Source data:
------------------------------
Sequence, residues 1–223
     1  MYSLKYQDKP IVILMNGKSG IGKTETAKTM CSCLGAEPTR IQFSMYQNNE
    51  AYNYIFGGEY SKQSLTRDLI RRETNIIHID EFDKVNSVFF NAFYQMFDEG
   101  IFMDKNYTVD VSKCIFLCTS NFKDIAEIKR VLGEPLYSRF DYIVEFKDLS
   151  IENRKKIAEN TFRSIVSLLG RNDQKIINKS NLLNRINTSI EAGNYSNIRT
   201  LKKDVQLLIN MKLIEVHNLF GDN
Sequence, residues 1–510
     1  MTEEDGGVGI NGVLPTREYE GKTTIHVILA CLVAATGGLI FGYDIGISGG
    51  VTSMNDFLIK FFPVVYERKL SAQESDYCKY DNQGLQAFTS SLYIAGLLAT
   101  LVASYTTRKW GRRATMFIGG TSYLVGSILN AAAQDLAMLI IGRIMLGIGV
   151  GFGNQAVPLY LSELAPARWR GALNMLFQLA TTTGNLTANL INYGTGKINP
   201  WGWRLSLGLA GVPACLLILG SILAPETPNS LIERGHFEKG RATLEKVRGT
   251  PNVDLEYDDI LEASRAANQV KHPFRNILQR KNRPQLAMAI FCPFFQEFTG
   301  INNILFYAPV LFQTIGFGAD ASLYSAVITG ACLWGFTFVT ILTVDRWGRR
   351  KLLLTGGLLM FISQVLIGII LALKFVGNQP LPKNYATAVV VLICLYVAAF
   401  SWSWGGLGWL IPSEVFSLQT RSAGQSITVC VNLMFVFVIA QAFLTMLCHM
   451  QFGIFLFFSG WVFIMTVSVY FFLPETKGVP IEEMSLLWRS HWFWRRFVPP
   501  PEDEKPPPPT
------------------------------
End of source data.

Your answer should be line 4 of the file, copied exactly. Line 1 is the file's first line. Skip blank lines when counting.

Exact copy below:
   101  IFMDKNYTVD VSKCIFLCTS NFKDIAEIKR VLGEPLYSRF DYIVEFKDLS